President Bush on Monday honored U.S. troops who have fought and died for freedom and expressed his steely resolve to succeed in the war in Iraq. “As before in our history, Americans find ourselves under attack and underestimated,” he said.
Bush marked his sixth Memorial Day as a wartime president with a somber speech at Arlington National Cemetery. He said he hoped the United States will always prove worthy of the sacrifices fallen troops have made, and recognized the grief suffered by families and friends of troops killed in war, most recently in Afghanistan and Iraq.
As people across the country marked the day of remembrance, violence continued in Iraq where a suicide car bomber struck a busy commercial district in central Baghdad, and damaging a shrine revered by Sunnis and Shiites alike.
“Now this hallowed ground receives a new generation of heroes — men and women who gave their lives in places such as Kabul and Kandahar, Baghdad and Ramadi,” he said. “Like those who came before them, they did not want war, but they answered the call when it came. They believed in something larger than themselves. They fought for our country, and our country unites to mourn them as one.”
The president’s motorcade was greeted at Arlington by scores of tourists who waved at Bush. Just before his limousine crossed over the Potomac River into Virginia, a man held up a sign saying, “Bring our troops home.”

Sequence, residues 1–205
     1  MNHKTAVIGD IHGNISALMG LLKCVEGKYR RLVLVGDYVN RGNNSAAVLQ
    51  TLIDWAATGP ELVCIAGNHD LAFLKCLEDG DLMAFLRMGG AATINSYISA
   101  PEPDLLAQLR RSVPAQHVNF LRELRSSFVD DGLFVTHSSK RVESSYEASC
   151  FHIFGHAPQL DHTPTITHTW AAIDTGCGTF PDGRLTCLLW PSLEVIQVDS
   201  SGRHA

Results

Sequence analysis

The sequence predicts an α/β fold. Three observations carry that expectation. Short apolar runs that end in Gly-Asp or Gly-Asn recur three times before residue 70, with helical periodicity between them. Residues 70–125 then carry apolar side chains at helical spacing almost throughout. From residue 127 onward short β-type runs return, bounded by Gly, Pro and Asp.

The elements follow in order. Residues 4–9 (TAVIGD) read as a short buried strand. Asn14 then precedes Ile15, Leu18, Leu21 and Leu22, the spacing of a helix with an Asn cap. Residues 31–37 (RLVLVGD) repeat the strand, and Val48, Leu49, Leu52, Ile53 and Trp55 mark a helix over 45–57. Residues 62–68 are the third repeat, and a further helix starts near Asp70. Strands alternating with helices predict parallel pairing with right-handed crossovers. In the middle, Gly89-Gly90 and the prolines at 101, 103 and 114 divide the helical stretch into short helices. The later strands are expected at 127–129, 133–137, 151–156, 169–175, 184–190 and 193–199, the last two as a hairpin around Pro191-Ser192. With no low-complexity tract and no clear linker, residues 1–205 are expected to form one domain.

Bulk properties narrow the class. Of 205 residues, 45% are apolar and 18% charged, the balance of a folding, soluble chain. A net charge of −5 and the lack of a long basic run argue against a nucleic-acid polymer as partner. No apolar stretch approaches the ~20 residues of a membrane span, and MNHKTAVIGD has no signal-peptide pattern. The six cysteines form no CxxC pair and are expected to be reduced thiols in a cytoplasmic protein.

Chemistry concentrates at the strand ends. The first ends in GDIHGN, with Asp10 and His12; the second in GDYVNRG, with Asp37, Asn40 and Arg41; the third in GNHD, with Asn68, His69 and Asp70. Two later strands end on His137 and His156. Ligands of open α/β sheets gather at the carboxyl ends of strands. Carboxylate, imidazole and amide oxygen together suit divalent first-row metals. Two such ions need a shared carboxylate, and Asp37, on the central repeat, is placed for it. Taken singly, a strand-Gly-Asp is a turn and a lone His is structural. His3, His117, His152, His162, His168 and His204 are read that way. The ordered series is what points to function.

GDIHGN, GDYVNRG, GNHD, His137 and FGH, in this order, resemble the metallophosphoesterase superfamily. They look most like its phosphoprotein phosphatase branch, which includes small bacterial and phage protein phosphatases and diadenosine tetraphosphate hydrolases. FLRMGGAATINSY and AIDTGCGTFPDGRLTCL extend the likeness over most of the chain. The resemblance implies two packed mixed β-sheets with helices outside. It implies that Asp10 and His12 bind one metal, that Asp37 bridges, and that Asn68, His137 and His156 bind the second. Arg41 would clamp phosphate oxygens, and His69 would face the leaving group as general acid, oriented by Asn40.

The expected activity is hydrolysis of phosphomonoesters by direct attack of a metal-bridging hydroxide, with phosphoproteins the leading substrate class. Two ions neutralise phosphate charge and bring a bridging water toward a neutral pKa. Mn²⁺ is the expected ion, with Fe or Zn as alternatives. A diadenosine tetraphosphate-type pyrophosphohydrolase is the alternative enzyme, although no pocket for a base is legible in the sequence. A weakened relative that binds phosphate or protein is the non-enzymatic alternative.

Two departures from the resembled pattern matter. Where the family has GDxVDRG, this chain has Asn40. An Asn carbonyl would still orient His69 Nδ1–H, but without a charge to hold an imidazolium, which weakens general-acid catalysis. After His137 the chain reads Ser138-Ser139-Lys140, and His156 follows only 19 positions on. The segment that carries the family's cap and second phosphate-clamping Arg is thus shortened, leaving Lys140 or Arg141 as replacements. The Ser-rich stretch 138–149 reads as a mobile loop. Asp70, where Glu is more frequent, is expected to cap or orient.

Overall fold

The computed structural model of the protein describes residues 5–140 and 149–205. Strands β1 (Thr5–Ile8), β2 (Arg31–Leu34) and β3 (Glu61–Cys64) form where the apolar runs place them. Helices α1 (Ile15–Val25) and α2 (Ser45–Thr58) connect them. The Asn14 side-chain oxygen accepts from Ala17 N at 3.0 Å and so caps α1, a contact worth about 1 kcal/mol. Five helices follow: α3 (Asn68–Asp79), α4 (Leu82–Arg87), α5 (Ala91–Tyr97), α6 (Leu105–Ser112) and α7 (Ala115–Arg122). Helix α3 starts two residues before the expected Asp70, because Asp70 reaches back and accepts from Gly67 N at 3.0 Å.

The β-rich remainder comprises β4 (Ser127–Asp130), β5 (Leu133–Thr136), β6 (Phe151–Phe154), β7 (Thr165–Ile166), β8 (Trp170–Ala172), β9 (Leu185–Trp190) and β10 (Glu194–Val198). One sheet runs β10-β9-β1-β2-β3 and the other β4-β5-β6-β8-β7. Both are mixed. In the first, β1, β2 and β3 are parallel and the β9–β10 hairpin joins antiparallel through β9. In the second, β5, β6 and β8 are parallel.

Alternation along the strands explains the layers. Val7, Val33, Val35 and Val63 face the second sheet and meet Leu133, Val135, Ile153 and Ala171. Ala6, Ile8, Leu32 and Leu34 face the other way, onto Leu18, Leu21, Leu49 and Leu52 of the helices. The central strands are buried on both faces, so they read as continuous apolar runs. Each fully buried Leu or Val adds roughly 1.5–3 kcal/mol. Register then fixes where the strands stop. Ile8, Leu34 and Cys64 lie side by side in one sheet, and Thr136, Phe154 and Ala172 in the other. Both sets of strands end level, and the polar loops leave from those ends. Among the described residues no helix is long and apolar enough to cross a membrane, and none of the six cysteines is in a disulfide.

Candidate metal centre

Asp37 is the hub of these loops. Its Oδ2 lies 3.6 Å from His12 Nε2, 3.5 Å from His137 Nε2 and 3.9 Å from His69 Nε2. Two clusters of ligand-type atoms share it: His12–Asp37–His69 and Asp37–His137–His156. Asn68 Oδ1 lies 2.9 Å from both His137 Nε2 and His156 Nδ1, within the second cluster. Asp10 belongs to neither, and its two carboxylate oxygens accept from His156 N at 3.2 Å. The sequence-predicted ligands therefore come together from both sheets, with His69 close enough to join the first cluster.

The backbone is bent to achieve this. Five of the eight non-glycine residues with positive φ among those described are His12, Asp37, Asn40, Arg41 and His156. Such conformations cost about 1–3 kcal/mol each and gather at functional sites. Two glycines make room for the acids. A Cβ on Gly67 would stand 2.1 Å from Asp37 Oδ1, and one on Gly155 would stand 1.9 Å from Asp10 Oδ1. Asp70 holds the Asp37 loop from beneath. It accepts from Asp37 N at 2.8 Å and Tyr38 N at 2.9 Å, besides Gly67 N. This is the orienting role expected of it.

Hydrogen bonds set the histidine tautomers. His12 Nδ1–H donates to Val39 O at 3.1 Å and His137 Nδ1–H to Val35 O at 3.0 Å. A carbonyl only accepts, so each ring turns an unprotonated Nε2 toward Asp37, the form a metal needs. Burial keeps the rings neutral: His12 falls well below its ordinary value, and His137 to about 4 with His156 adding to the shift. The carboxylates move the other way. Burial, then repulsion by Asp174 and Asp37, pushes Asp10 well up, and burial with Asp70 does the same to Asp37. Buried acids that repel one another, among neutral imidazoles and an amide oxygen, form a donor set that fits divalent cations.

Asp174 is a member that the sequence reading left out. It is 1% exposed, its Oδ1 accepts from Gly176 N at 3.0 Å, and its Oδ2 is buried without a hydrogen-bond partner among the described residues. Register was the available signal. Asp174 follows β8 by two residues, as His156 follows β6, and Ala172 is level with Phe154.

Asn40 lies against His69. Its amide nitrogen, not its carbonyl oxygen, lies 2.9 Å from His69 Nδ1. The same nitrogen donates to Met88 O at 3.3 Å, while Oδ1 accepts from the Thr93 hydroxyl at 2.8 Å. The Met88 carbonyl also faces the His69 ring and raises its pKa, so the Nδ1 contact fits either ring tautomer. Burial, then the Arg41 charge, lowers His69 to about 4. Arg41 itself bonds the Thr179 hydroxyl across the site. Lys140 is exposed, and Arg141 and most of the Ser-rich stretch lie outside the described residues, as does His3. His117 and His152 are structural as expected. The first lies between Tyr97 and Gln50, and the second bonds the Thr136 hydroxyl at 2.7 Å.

'Courage and confidence'
Members of the armed forces carrying rifles fitted with bayonets stood at attention as Bush’s motorcade wended its way through rows of white tombstones marked with tiny American flags. Some soldiers were astride horses that flinched when canons were fired, sending bluish white smoke over the cemetery.
Bush spoke under overcast skies at a marble amphitheater after he laid a wreath of red, white and blue flowers at the Tomb of the Unknowns and stood, his hand over his heart, during a drum roll and the playing of Taps. First lady Laura Bush watched the ceremony with relatives of fallen troops.
Those who have died in the Civil War, World War I, World War II and the Korean and Vietnam conflicts fought for freedoms, which come at great cost and will survive only as long as there are Americans willing to defend the nation against determined enemies, he said.
“Our enemies long for our retreat,” Bush said. “They question our moral purpose. They doubt our strength of will. Yet even after five years of war, our finest citizens continue to answer our enemies with courage and confidence.”
He noted that 174 Marines — nearly one-fourth of a battalion — recently asked to have their enlistments extended.
“Those who serve are not fatalists or cynics,” Bush said. “They know that one day this war will end as all wars do. Our duty is to ensure that its outcome justifies the sacrifices made by those who fought and died in it.
“From their deaths must come a world where the cruel dreams of tyrants and terrorists are frustrated and foiled — where our nation is more secure from attack, and where the gift of liberty is secured for millions who have never known it.”
At least 3,452 members of the U.S. military have died since the beginning of the war in Iraq in March 2003, according to an Associated Press count. At least 325 members of the U.S. military have died in Afghanistan, Pakistan and Uzbekistan as a result of the U.S. invasion of Afghanistan in late 2001, according to the Defense Department.